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Trump says he won't oppose the release of documents tied to the Mar-a-Lago search


After days of silence, Attorney General Merrick Garland announced he wants to make the Mar-a-Lago search warrant public and submitted a request to a federal court to release it. Former President Trump says he wants the documents to be made public immediately, even though he could release them himself at any time.


The search of the Florida estate sparked outrage from Trump loyalists. The violent rhetoric that followed may have inspired an attack on a Cincinnati FBI office Thursday. We're going to bring you different angles this morning on the story surrounding the unprecedented search of former President Trump's residence at Mar-a-Lago. We're going to hear the latest on the FBI search warrant and learn more about the man that tried to storm that FBI office in Cincinnati.

FADEL: We'll start with NPR justice correspondent Ryan Lucas. He joins us now. Hi, Ryan.

RYAN LUCAS, BYLINE: Good morning, Leila.

FADEL: So days of silence and Attorney General Garland speaks. What did he say yesterday?

LUCAS: So this was a very considered statement from Garland before the cameras - worth noting that he didn't take any questions. But he did say that he personally approved the decision to seek the search warrant of Mar-a-Lago. He said it was not a decision that was made lightly. Of course, it's a decision that was also approved ultimately by a federal judge who had to sign off on the warrant. But importantly, Garland said, the department, as you said, is now asking a federal court in Florida to unseal the search warrant and the property receipt, which is basically a list of what was seized. And Garland, in his understated way, pointedly noted, as you did, that a copy of both of those documents were given as required by law to Trump's lawyers the day of the search, and Trump could have made those public. Clearly, he has not done so. Now the Justice Department is asking to unseal them, although it has given Trump the opportunity to object to the release. Overnight, though, Trump said on social media that he does not oppose that happening.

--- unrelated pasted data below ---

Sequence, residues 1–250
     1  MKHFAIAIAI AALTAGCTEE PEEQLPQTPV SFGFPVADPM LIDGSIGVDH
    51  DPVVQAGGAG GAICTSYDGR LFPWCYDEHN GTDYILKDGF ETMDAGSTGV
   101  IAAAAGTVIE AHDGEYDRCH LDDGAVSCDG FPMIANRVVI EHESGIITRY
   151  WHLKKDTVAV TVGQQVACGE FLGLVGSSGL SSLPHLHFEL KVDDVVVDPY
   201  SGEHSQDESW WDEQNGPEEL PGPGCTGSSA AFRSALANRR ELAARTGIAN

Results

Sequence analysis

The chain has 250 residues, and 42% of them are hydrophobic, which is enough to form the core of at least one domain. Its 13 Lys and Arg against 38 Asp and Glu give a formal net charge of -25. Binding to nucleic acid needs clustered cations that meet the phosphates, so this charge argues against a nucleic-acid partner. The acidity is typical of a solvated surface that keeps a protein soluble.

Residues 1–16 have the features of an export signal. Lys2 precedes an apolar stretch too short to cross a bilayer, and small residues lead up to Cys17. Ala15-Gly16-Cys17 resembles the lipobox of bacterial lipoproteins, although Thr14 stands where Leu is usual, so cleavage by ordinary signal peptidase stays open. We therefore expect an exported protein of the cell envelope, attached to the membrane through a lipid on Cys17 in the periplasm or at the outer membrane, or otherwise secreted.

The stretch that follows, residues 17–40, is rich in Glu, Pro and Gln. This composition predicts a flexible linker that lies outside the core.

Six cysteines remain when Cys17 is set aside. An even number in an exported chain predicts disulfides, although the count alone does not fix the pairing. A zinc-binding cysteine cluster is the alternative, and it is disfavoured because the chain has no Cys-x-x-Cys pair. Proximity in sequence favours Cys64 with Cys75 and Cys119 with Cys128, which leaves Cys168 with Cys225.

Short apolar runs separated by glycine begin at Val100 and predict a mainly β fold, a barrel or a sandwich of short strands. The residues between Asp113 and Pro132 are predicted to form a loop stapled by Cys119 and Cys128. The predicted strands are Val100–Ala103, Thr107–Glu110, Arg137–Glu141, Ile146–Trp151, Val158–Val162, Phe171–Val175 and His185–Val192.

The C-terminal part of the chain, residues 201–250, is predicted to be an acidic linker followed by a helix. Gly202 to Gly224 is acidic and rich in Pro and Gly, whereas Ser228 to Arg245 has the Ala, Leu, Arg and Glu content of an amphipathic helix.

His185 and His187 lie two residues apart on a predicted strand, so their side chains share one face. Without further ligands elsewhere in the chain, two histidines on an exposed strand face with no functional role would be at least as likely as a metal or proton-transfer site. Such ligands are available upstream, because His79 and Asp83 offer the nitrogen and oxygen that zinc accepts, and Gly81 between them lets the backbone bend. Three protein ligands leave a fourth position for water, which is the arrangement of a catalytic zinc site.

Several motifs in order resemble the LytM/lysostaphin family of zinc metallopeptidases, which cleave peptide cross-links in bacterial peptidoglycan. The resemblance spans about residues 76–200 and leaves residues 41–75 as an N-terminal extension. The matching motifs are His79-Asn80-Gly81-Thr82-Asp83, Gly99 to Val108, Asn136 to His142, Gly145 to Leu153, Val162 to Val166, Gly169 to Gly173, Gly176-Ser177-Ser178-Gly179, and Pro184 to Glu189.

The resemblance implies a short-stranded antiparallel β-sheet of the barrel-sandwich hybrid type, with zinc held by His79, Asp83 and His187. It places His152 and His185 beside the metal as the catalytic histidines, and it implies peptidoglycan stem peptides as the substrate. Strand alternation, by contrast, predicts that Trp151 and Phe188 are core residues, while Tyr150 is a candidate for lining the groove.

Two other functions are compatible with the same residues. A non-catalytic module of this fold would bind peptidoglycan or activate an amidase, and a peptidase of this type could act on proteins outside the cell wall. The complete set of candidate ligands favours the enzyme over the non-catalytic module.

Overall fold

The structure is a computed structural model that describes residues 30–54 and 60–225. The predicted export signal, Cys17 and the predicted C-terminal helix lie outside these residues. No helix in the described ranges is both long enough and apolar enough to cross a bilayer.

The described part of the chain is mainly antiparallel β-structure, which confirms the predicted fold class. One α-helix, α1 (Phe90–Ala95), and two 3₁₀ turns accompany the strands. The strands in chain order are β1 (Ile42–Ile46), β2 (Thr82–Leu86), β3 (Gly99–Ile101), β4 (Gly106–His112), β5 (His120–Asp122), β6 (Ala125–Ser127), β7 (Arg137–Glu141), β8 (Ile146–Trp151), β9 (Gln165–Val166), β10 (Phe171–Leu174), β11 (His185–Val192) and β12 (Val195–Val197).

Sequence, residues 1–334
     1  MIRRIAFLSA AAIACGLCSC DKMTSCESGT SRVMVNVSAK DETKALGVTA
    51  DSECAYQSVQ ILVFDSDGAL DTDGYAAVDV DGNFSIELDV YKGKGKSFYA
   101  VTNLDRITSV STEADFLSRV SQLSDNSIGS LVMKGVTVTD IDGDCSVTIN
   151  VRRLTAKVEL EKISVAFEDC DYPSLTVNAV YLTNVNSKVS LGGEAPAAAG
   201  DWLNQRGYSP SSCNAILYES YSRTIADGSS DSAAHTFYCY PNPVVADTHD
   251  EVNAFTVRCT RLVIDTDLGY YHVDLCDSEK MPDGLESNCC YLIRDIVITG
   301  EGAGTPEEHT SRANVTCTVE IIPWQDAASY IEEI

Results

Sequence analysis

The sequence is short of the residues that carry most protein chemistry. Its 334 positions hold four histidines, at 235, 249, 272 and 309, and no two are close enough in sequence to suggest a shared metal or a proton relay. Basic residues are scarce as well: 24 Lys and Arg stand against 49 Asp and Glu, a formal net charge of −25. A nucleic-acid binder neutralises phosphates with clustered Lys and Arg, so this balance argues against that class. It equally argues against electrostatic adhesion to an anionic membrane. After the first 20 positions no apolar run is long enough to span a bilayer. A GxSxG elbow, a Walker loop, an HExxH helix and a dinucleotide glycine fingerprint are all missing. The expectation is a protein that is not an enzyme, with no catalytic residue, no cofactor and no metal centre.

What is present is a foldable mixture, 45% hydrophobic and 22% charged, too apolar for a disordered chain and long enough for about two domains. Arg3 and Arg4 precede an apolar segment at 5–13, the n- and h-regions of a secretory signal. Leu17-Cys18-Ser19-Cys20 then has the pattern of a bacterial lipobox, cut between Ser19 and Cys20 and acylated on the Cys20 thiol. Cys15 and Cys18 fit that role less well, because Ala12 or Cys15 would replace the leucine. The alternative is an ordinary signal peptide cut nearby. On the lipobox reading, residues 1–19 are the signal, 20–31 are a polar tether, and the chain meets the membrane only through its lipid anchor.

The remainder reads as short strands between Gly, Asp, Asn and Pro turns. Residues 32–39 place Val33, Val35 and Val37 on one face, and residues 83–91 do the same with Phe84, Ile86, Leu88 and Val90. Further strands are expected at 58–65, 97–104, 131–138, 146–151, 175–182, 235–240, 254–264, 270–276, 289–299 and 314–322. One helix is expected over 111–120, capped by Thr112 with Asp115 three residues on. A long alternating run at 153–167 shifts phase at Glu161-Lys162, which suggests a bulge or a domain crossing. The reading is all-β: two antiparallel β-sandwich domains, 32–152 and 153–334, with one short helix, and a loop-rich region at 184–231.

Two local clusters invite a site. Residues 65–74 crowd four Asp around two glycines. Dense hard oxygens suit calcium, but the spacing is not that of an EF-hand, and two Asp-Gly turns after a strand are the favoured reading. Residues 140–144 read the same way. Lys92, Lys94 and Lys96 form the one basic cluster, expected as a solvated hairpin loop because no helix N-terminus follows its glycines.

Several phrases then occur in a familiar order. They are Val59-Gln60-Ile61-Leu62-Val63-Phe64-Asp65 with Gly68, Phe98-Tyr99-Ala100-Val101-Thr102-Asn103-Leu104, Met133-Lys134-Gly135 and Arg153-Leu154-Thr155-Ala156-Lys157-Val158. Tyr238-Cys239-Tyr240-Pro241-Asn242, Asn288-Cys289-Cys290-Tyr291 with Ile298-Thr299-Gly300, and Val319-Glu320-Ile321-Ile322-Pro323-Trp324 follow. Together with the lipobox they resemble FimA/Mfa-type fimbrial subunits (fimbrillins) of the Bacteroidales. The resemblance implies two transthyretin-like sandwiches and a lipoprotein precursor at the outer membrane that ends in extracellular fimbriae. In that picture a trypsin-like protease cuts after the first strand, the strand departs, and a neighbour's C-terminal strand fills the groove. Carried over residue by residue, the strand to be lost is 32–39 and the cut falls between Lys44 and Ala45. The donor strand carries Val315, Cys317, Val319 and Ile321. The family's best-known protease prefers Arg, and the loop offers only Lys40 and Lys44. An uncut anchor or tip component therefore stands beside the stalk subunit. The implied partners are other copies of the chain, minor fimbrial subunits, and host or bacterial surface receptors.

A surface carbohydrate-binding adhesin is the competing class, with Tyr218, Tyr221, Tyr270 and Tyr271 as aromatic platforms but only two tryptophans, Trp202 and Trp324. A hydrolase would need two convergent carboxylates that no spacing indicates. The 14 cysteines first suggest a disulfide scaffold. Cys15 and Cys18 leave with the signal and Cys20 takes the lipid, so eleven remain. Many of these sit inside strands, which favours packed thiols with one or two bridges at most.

FADEL: OK, so if these documents - the search warrant, the property receipt - are released, what could we, the public, learn from them?

LUCAS: Well, the warrant would usually say what crimes the FBI is investigating. The property receipt, which is kind of like an inventory, will give us a list of what the agents found at Mar-a-Lago. It probably won't be in great detail. It won't be page by page or anything, but it will give the public a general idea of what was found. And remember, in this case, we know that the Justice Department is investigating what the National Archives had said is the discovery of classified documents that ended up at Mar-a-Lago after Trump left office. But we don't know exactly what the FBI were searching for there. So if the warrant and this inventory are released, we'll have a much clearer sense of what this is all about. It won't be perfect clarity, but certainly better.

FADEL: Now, the FBI searched Mar-a-Lago on Monday, and it wasn't until yesterday, Thursday afternoon, that Garland spoke. Why now?

MARTINEZ: Well, there's been a ton of public attention on this search at Mar-a-Lago. It was unprecedented, as you said, for the FBI to do this, to carry out a court-authorized search of the former president's home. Garland acknowledged, as I said, that it was a weighty decision for him to make, and he did kind of address the why now. Let's take a listen.


MERRICK GARLAND: The department filed the motion to make public the warrant and receipt in light of the former president's public confirmation of the search, the surrounding circumstances and the substantial public interest in this matter.

LUCAS: Now, Garland is very much a by-the-book kind of guy, and he said, look, the Justice Department speaks through court filings and in court. Often that means that the Justice Department can't say anything about an ongoing investigation. But in this case, as you heard him say there, Trump is the one who confirmed this search to the public. There's great interest in this Mar-a-Lago search, and the department can talk about it by unsealing these documents. And it's going to do it all in a by-the-book kind of way.

FADEL: Now, Trump has denounced this search at Mar-a-Lago, and many of his Republican allies have slammed the FBI and the Justice Department. How did Garland push back against this?

LUCAS: So Garland talked about what he called unfounded attacks on the professionalism of FBI agents and federal prosecutors. And he defended both the FBI and the Justice Department. He said the people who work there are patriotic public servants. FBI Director Christopher Wray had a similar message in a statement that he put out as well yesterday. He said such attacks on the FBI's integrity chip away at respect for the rule of law. And he noted the violent threats against law enforcement and how much of a concern that is.

FADEL: NPR's Ryan Lucas, thanks so much.

LUCAS: Thank you. Transcript provided by NPR, Copyright NPR.

Leila Fadel is a national correspondent for NPR based in Los Angeles, covering issues of culture, diversity, and race.
Ryan Lucas covers the Justice Department for NPR.